Inflammation, hepatic enzymes and resistance training in individuals with metabolic risk factors

Levinger, I., Goodman, C. A., Peake, J., Garnham, A., Hare, D. L., Jerums, G. and Selig, S. 2009, Inflammation, hepatic enzymes and resistance training in individuals with metabolic risk factors, Diabetic medicine, vol. 26, no. 3, pp. 220-227, doi: 10.1111/j.1464-5491.2009.02679.x.

Attached Files
Name Description MIMEType Size Downloads

Title Inflammation, hepatic enzymes and resistance training in individuals with metabolic risk factors
Author(s) Levinger, I.
Goodman, C. A.
Peake, J.
Garnham, A.
Hare, D. L.
Jerums, G.
Selig, S.ORCID iD for Selig, S.
Journal name Diabetic medicine
Volume number 26
Issue number 3
Start page 220
End page 227
Total pages 8
Publisher Wiley
Place of publication Chichester, England
Publication date 2009-03
ISSN 0742-3071
Keyword(s) cytokines
liver enzymes
metabolic risk factors
weight training
Summary Aims Increases in inflammatory markers, hepatic enzymes and physical inactivity are associated with the development of the metabolic syndrome (MetS). We examined whether inflammatory markers and hepatic enzymes are correlated with traditional risk factors for MetS and studied the effects of resistance training (RT) on these emerging risk factors in individuals with a high number of metabolic risk factors (HiMF, 2.9 ± 0.8) and those with a low number of metabolic risk factors (LoMF, 0.5 ± 0.5).

Methods Twenty-eight men and 27 women aged 50.8 ± 6.5 years (mean ± sd) participated in the study. Participants were randomized to four groups, HiMF training (HiMFT), HiMF control (HiMFC), LoMF training (LoMFT) and LoMF control (LoMFC). Before and after 10 weeks of RT [3 days/week, seven exercises, three sets with intensity gradually increased from 40–50% of one repetition maximum (1RM) to 75–85% of 1RM], blood samples were obtained for the measurement of pro-inflammatory cytokines, C-reactive protein (CRP), -glutamyltransferase (GGT) and alanine aminotransferase (ALT).

Results At baseline, HiMF had higher interleukin-6 (33.9%), CRP (57.1%), GGT (45.2%) and ALT (40.6%) levels, compared with LoMF (all P < 0.05). CRP, GGT and ALT correlated with the number of risk factors (r = 0.48, 0.51 and 0.57, respectively, all P < 0.01) and with other anthropometric and clinical measures (r range from 0.26 to 0.60, P < 0.05). RT did not significantly alter inflammatory markers or hepatic enzymes (all P > 0.05).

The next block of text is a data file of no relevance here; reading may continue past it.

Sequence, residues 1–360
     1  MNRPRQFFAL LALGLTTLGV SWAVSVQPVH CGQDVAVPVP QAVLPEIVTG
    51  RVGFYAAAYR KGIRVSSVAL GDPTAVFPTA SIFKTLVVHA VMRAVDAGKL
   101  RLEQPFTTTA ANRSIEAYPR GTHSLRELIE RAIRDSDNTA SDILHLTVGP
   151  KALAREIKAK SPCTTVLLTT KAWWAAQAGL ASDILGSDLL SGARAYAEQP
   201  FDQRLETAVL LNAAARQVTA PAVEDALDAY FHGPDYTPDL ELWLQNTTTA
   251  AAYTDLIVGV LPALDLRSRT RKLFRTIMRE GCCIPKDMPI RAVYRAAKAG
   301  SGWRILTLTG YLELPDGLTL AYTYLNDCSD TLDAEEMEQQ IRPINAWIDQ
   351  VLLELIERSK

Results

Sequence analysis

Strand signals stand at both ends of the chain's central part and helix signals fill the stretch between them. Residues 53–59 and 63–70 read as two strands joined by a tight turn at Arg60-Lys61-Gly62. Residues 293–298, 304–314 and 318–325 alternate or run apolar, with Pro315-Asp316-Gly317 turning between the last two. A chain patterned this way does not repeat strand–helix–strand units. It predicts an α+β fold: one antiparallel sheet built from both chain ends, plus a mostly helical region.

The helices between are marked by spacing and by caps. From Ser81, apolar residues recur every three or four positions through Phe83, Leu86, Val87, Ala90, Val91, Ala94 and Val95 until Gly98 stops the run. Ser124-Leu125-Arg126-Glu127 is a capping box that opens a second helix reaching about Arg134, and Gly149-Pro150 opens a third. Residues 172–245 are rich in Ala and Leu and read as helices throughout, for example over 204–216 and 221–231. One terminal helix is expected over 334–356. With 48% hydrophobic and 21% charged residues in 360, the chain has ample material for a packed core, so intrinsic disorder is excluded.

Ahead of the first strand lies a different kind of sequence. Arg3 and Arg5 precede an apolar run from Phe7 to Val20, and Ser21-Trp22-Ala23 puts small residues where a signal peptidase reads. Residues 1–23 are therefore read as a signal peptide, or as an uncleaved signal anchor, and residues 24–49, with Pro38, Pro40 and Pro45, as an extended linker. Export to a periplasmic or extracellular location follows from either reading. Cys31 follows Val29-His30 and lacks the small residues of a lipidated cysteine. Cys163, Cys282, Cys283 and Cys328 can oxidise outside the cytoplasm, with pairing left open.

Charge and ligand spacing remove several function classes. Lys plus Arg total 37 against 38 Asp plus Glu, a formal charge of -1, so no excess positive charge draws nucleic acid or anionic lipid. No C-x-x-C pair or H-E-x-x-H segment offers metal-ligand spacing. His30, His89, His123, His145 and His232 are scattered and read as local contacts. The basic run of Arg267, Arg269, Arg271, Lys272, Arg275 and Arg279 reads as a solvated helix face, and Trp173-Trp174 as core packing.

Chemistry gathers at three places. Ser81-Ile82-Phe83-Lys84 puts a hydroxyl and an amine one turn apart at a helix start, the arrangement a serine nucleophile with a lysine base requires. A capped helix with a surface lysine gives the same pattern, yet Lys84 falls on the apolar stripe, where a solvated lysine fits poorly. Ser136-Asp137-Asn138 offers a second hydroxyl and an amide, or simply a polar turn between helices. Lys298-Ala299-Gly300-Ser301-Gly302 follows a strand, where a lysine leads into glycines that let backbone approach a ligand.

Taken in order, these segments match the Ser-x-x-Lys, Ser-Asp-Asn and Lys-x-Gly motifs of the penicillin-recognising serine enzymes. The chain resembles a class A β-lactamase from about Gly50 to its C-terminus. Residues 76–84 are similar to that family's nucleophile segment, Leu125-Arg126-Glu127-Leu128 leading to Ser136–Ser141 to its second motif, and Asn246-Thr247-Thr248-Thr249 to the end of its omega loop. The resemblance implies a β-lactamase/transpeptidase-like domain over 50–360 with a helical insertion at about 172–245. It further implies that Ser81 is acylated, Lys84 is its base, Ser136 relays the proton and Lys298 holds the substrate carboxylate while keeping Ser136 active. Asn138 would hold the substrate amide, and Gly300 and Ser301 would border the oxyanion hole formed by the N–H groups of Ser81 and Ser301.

Conclusions HiMF was associated with increased inflammatory markers and hepatic enzyme concentrations. RT did not reduce inflammatory markers and hepatic enzymes in individuals with HiMF.
Language eng
DOI 10.1111/j.1464-5491.2009.02679.x
Field of Research 119999 Medical and Health Sciences not elsewhere classified
Socio Economic Objective 970111 Expanding Knowledge in the Medical and Health Sciences
HERDC Research category C1.1 Refereed article in a scholarly journal
Copyright notice ©2009, The Authors
Persistent URL

Document type: Journal Article
Collections: Faculty of Health
School of Exercise and Nutrition Sciences
Connect to link resolver
Unless expressly stated otherwise, the copyright for items in DRO is owned by the author, with all rights reserved.

Version Filter Type
Citation counts: TR Web of Science Citation Count  Cited 41 times in TR Web of Science
Scopus Citation Count Cited 45 times in Scopus
Google Scholar Search Google Scholar
Access Statistics: 482 Abstract Views, 1 File Downloads  -  Detailed Statistics
Created: Wed, 16 Mar 2011, 15:00:05 EST

Every reasonable effort has been made to ensure that permission has been obtained for items included in DRO. If you believe that your rights have been infringed by this repository, please contact